Jacob and Wilhelm Grimm’s versions of “King Thrushbeard,” “Rumpelstiltskin,” and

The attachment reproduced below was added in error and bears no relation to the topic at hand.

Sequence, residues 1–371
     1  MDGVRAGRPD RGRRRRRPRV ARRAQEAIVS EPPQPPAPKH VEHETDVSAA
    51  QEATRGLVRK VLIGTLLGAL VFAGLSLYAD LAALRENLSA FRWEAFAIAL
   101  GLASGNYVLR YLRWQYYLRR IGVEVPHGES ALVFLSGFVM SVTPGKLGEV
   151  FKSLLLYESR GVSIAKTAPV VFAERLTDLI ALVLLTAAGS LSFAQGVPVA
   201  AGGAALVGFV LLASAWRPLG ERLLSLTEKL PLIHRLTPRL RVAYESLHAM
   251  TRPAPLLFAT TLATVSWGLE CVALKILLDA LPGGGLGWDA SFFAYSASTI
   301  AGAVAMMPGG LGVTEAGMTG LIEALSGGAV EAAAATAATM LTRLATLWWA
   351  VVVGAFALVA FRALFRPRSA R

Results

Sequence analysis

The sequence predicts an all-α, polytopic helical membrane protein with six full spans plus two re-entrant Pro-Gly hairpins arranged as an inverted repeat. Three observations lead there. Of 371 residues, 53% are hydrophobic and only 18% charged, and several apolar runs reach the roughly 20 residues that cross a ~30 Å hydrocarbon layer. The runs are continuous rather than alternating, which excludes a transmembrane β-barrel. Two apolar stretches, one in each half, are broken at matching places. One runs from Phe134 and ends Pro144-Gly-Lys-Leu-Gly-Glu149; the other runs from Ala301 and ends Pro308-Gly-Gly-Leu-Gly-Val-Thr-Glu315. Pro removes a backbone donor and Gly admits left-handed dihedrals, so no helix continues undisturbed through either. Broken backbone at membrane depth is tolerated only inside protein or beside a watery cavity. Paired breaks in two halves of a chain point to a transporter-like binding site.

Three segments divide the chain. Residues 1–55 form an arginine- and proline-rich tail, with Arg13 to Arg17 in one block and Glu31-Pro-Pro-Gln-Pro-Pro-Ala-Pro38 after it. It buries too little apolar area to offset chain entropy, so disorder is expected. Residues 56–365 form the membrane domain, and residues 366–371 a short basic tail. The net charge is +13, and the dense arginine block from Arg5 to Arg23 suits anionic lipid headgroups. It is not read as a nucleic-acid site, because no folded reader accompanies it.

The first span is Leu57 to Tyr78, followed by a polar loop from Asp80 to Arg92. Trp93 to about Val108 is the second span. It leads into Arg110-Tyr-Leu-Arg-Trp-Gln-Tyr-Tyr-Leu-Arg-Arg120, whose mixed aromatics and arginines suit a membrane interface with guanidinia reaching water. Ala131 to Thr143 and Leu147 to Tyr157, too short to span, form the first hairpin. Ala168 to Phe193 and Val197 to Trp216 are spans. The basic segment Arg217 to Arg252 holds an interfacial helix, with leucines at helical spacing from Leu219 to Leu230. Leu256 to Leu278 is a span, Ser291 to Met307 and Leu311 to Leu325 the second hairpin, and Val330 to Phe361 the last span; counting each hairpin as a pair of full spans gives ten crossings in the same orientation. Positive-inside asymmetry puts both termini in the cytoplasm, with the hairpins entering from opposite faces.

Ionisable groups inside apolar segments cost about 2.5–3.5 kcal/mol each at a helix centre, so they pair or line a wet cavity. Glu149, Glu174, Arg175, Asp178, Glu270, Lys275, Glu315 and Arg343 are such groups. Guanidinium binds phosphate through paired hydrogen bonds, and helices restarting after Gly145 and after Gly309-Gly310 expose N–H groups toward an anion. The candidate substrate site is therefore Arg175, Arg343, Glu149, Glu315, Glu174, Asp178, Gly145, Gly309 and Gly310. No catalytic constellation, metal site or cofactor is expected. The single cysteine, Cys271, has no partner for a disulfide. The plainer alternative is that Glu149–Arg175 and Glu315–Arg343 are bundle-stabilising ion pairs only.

Giambattista Basile’s telling of “Sun, Moon, and Talia” involves women who are victims of circumstances forced upon them. The women in each story are broken down slowly and methodically until there is hardly anything left of their original selves. The princess in “King Thrushbeard” may have been “proud and haughty,” but she was confident in herself and self-assured of her abilities; (26) Talia was a happy and well-adjusted woman until she was rendered unconscious by the splinter of flax and raped; and the miller’s daughter was presumably content with an everyday life—with the exception of Tchen’s retelling—until she was thrown into an abusive situation with no way out of it. Unfortunately, stories which are meant to entertain children are not necessarily the sweet, Disney stories parents envision for their little girls. The only lessons a young girl will take from these three stories is that the only thing they are expected to accomplish in this life is to find a rich man to marry; they may also be expected to put up with a man’s abuse if only to maintain the status quo. The kings and fathers in these stories are not above striking—or making the threat to do so—in order to gain control over the women they claim to love and honor. These kings and fathers are presented to the readers as men of honor, good moral standing and dignity; men that young boys ought to aspire to be. However, the men are far from that; they are no better than the rapist on the street. The nameless king in “Sun, Moon, and Talia” takes advantage of an unconscious girl and impregnates her. The story later has the pair becoming friends and later husband and wife. The fathers in “King Thrushbeard” and “Rumpelstiltskin” sell their daughters out for their own self-serving purposes. The king in the former seeks to punish his daughter by forcing her to marry a man she does not want; the father in “Rumpelstiltskin” wants to be seen as something greater than he really is. In the process, each father has proven himself to be less of a man and poor excuses of fathers to their daughters. The kings in all of the stories are abusive men who take advantage of the women they claim to desire simply because of their station. Since the rapist in “Sun, Moon, and Talia” is a king, he believes he can rape a woman who cannot fight back and get away with it. Ultimately, he does get away with it, and does not face punishment of any kind. Sadly, there is no redemption for the women in the three stories. None of them are rescued by kindly saviors; they are pulled away from safety or thrown into danger by brutish men in their own households. The point in this research is to take a deeper look into these stories and see what the tale is really about, and to see the story from the point of view of the authors. On the surface, the readers see a romantic tale of a prince awaking a princess with a kiss; a king who wins over a rude princess with trickery; or a miller’s daughter who wins out in the end after marrying a king and outsmarting a demon. As entertaining as these stories are, there is always more to the story than meets the eye. If one were to pick apart each story piece by piece, one might see that the authors did not hold women in the highest regard. Basile gives the readers the impression that he advocates rape and that instead of seeking justice, rape victims ought to marry their rapists; the brothers Grimm encourage their male readers to behave boorishly towards their female counterparts under the misconception that the women will accept their behavior.